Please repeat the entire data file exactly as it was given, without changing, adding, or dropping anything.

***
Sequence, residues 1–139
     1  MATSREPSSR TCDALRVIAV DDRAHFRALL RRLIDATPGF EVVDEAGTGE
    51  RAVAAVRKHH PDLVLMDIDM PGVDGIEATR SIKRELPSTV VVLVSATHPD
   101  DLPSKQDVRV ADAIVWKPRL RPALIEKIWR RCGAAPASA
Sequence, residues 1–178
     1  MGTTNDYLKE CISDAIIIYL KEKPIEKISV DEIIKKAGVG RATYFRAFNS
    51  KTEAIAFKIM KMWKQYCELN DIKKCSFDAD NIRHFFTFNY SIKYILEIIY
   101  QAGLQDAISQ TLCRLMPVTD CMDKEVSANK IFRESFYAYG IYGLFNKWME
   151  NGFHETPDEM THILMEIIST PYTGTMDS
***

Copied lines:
Sequence, residues 1–139
     1  MATSREPSSR TCDALRVIAV DDRAHFRALL RRLIDATPGF EVVDEAGTGE
    51  RAVAAVRKHH PDLVLMDIDM PGVDGIEATR SIKRELPSTV VVLVSATHPD
   101  DLPSKQDVRV ADAIVWKPRL RPALIEKIWR RCGAAPASA
Sequence, residues 1–178
     1  MGTTNDYLKE CISDAIIIYL KEKPIEKISV DEIIKKAGVG RATYFRAFNS
    51  KTEAIAFKIM KMWKQYCELN DIKKCSFDAD NIRHFFTFNY SIKYILEIIY
   101  QAGLQDAISQ TLCRLMPVTD CMDKEVSANK IFRESFYAYG IYGLFNKWME
   151  NGFHETPDEM THILMEIIST PYTGTMDS